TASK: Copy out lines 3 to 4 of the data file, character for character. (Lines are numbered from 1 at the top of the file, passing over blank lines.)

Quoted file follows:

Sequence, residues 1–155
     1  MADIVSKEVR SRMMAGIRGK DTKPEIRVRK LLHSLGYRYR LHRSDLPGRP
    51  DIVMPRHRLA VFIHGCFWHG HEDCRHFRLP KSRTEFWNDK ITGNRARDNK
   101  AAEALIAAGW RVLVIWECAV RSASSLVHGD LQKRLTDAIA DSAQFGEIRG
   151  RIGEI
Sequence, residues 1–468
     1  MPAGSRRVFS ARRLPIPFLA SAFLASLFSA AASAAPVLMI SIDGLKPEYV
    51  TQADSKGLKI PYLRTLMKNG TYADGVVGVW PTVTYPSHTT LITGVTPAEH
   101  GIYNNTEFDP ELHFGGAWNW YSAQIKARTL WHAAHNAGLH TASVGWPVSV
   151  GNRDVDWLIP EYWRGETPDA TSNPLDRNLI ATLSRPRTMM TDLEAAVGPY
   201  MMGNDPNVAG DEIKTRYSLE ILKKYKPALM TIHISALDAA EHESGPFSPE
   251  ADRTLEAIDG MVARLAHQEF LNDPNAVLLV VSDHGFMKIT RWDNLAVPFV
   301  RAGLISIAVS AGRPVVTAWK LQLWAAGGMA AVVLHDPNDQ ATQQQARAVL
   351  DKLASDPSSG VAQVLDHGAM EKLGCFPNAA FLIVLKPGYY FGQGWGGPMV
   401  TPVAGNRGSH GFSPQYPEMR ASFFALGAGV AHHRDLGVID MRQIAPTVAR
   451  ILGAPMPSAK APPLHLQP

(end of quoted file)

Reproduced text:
    51  DIVMPRHRLA VFIHGCFWHG HEDCRHFRLP KSRTEFWNDK ITGNRARDNK
   101  AAEALIAAGW RVLVIWECAV RSASSLVHGD LQKRLTDAIA DSAQFGEIRG